A good cancer drug should selectively kill cancer cells while leaving healthy, normal cells relatively untouched to reduce treatment side-effects. In order to achieve this selectivity, one strategy is to target genes that are essential for cancer cell survival but not for normal cells.
The DepMap project has developed a method to define these selectively essential genes in cancer cells. However, it is challenging to manually sort which genes to investigate further, out of the long list generated.
In this paper published in Cell Discovery, Chen Zhou and colleagues from Ludwig Oxford’s Yang Shi’s group developed a strategy to rank the selectively essential genes according to how much is known about each one, enabling prioritisation of previously understudied potential targets. This method identified several novel targets, including C11orf53 and COLCA2 in tuft cell-like small-cell lung cancer (SCLC).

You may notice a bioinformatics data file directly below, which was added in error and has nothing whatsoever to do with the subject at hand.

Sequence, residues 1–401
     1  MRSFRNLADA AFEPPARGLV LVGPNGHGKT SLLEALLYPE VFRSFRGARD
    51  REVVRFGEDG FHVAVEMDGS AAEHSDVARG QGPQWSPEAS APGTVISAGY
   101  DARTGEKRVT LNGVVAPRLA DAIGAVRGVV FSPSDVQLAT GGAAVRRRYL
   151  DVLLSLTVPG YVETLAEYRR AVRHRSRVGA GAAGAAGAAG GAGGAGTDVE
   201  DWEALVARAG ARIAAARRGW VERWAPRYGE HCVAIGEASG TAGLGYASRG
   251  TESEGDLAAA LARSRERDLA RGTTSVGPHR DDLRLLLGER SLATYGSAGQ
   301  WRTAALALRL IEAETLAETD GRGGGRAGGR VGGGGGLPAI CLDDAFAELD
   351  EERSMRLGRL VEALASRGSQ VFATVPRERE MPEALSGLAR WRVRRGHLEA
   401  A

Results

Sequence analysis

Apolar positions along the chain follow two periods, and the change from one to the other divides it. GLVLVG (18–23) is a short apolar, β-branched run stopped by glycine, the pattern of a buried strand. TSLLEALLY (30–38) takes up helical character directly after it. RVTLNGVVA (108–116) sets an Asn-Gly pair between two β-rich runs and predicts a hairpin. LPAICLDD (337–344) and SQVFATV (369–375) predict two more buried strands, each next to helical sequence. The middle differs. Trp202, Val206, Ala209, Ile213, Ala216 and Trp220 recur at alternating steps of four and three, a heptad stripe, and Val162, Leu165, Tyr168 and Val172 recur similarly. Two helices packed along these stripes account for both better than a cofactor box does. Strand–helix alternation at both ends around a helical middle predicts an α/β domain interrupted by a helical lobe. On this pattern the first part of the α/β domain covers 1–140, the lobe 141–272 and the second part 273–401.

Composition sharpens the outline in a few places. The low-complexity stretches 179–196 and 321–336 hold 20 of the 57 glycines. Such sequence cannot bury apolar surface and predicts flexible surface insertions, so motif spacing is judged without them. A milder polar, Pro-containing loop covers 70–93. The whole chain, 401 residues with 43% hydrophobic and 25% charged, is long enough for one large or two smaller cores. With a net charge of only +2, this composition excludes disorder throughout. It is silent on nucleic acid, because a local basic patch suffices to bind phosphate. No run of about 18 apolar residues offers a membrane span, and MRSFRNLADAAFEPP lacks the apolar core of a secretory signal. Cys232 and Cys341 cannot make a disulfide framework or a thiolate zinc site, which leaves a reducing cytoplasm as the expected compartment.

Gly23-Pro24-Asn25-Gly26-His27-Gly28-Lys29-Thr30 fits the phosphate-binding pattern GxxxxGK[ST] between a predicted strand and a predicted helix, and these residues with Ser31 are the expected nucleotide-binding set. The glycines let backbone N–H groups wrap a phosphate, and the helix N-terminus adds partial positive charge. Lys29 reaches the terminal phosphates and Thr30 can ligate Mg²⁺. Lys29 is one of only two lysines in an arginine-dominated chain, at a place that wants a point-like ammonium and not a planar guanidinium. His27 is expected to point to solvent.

The team generated biochemical and functional data which supports the importance of these genes for tuft-cell SCLC via their function as a co-activator for the POU2F3 transcriptional regulator. Further, work from others demonstrate that mice are viable without C11orf53 or COLCA2, indicating the selectively of the requirement for these genes in cancer but not normal biological processes.
These findings agree with two other reports of the role of these genes in SCLC that came out during the work. The Ludwig Oxford team also noted that C11orf53 and COLCA2 are overexpressed in tumour samples from other cancers, indicating a potential role in a wider range of cancer types.